Our Daily Bread move makes sense

This Just In...

May 03, 1999|By Dan Rodricks

I DON'T understand the bellyaching about the way things turned out with Our Daily Bread. Sure, the downtown business crowd overstated things by attributing an array of problems -- aggressive panhandling, shoplifting, car break-ins, empty retail space on Charles Street -- to the hundreds of men who congregate at ODB each day. And sure, the symbolism was vulgar -- wealthy white men (Peter Angelos, Jimmy Rouse, retired T. Rowe Price CEO George Collins) involved in orchestrating the removal of poor, mostly black men from a section of downtown in a struggle to regain its tony edge. It's easy to resent the idea of men with money sweeping undesirables into a civic dustpan and dumping them in another, poorer section of town. But in the end, after the committee deliberations and all the talk, what will happen?

Under the plan announced the other day by the Archdiocese of Baltimore, Our Daily Bread will become the new location of My Sister's Place, a day shelter for women and children. The ODB food operation will move about 12 blocks to the north and east, to a vacant building in the 400 block of E. Preston St., and it will incorporate Christopher Place, an agency that for several years has been successful in preparing unemployed, homeless men for jobs. The Christopher Place operation will double its capacity, becoming a residential job training center for up to 70 men.

How can you knock that?

Angelos bought ODB's new location on Preston Street for an undisclosed sum and donated the building to the archdiocese. He might be a multimillionaire lawyer, but he's our multimillionaire lawyer, isn't he? He invests his money in his city.

With all due respect to the people who work tirelessly for the poor of this city and who have complained that this plan conflicts with Christian values, I don't see how we can bellyache about it -- even if rich, white men engineered it.

By becoming the new site of My Sister's Place, the ODB building, at Cathedral and Franklin, will remain a sanctuary for the poor (not Sotto Sopra II or some other upscale restaurant). And the ODB-Christopher Place twinning should only increase the possibilities of homeless, unemployed men finding jobs and getting off the dead-end panhandler-prison-soup kitchen track.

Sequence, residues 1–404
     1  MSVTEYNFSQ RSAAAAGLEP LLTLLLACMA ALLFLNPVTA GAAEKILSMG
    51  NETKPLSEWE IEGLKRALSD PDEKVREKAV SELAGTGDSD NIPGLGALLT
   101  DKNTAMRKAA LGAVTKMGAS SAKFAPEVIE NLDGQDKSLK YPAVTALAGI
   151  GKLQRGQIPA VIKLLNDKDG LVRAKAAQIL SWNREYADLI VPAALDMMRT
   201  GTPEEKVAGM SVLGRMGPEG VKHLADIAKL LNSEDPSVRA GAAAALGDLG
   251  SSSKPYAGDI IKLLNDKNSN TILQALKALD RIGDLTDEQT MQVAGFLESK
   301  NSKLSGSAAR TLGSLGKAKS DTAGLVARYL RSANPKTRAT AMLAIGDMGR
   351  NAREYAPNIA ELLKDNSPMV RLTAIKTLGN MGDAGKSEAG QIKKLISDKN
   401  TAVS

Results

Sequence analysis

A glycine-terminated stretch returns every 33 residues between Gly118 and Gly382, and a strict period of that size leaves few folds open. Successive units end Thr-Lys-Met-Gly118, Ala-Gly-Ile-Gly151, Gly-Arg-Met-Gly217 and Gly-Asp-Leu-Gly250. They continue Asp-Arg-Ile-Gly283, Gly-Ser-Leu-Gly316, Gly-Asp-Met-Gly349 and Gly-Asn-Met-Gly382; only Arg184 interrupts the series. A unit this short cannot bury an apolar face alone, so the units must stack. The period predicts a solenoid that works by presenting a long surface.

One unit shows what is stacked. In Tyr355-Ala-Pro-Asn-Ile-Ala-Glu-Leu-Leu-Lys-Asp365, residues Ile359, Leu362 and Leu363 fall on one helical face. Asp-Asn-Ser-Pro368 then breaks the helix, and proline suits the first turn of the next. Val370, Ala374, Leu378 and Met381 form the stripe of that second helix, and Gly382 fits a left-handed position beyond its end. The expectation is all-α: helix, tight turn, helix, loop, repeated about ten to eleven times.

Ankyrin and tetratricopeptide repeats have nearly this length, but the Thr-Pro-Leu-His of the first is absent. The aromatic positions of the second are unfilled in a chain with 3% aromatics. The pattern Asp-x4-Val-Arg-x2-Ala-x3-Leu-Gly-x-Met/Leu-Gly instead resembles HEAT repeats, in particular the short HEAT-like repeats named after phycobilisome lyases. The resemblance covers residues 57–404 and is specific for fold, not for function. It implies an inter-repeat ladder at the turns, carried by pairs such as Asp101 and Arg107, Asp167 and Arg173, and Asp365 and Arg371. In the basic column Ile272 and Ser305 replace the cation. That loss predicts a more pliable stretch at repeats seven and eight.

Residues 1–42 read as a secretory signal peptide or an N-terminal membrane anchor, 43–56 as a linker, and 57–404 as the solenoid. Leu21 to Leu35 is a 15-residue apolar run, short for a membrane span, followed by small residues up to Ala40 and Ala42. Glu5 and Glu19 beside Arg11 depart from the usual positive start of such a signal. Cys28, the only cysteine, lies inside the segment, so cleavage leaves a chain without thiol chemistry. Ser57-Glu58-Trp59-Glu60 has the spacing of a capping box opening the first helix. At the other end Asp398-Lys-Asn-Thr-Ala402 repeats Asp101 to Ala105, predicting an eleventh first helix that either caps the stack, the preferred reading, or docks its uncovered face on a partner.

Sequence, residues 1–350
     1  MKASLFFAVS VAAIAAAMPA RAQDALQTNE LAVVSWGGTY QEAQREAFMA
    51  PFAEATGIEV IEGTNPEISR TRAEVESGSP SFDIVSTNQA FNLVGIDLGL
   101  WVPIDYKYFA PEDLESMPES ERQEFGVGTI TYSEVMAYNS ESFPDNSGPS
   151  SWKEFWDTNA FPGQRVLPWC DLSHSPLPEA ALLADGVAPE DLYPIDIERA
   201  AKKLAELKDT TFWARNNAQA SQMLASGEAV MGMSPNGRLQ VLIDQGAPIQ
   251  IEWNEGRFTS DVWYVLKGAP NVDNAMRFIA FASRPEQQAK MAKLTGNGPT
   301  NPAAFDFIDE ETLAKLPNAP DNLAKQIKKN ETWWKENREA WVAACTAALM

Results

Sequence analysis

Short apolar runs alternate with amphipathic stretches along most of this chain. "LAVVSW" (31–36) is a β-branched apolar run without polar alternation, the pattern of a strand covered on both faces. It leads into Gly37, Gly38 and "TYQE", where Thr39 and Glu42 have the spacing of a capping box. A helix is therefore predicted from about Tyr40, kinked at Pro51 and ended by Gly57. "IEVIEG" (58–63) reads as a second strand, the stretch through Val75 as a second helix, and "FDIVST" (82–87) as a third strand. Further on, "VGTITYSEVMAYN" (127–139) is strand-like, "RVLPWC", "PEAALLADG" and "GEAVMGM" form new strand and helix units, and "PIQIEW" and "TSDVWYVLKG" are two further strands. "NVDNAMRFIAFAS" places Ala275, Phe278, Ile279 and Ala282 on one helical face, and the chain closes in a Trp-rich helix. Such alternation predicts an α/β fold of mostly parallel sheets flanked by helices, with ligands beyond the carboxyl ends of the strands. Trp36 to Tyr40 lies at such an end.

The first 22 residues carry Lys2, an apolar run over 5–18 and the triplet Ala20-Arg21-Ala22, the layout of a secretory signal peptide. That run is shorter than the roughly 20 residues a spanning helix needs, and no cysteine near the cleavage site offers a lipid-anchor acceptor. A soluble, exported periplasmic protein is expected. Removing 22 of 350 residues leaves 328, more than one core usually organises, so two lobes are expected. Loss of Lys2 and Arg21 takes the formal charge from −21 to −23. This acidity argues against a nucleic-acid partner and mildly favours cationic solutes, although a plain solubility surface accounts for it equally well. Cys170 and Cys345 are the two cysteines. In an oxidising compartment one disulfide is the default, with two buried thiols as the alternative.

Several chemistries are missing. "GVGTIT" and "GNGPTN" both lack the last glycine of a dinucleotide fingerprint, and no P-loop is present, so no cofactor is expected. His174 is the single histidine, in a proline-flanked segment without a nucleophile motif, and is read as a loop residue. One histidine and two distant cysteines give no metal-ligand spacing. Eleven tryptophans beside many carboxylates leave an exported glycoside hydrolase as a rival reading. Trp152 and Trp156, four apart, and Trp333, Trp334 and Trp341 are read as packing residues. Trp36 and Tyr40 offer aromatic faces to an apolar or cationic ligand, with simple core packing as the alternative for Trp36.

It gives hope to the idea, anyway.

It's a good plan.

Rouse, Collins, the Downtown Partnership, Catholic Charities, Cardinal Keeler and everyone involved should be applauded. Angelos deserves a standing ovation.

But he should also open his wallet again.

The ODB move and expansion of services will cost $10 million, half of which will come from the archdiocese and half from the archdiocese's solicitations for donations. Ten million.

That's tax-deductible pocket change to Angelos -- less than what he pays Albert Belle for one season of baseball -- and to other individuals and institutions, including the heavily endowed Johns Hopkins University, expecting to benefit from the revitalization of downtown. They want the ODB guys out of sight. Let them pay for it.

A pacifist dilemma

Former U.S. Attorney General and longtime peace activist Ramsey Clark addressed the Maryland chapter of the American Civil Liberties Union last week. He was introduced by Steve Sachs, former Maryland attorney general who served in the 1960s as U.S. attorney in Baltimore while Clark ran the Justice Department. It was a witty, intelligent and eloquent greeting; Sachs has not lost his way with words; the introduction of his old boss made us miss Sachs' presence in Maryland public life all the more.

When it was his turn, Clark was flinty and profound, expressing his strongly held beliefs that the United States still spends too much on defense and that our foreign policy is seldom wise, more often arrogant and too often homicidal. "Are we out of our minds?" he said more than once.

Clark criticized the U.S.-led NATO attacks on Yugoslavia, saying the air war only wreaked devastation on a small nation and did not serve the effort to save Kosovars. But then, he didn't exactly demand a ground war, either. Clark seemed only to offer the dead batteries of diplomacy to light the way to resolution in the Balkans.

That's where I got off the train.

Such are the dilemmas of the pacifist -- he suggests talking therapy when force is the only language leaders such Slobodan Milosevic understand. He believes every American action is a bullying action, part of a sinister grand design. He can't support the use of military force for a humanitarian cause -- he sees those terms as contradictions, I'm sure -- and yet has no other realistic idea for saving innocent people from a murderous dictator.

No bargain there

Spotted in the parking lot of discount retail nirvana, Towson Marketplace: a beautiful white-with-blue-trim Viper. I guess if you spend that much on your car, you gotta economize on everything else!

Howie and Lainie, together

I don't know how we can resist this one, even when the lowest ticket price is $75 -- Howie Mandel and Lainie Kazan together June 2 at Beth Tfiloh Community School to benefit the tuition scholarship fund. My God, Lainie Kazan and Howie Mandel on the same stage! Howie's a very entertaining guy, very funny. But that Lainie! She's huge. She's beautiful. She's a gas. Do yourself a favor and rent a film from the early 1980s, "My Favorite Year," and keep an eye on that Lainie's character: "Mr. Swann, welcome to our humble chapeau."

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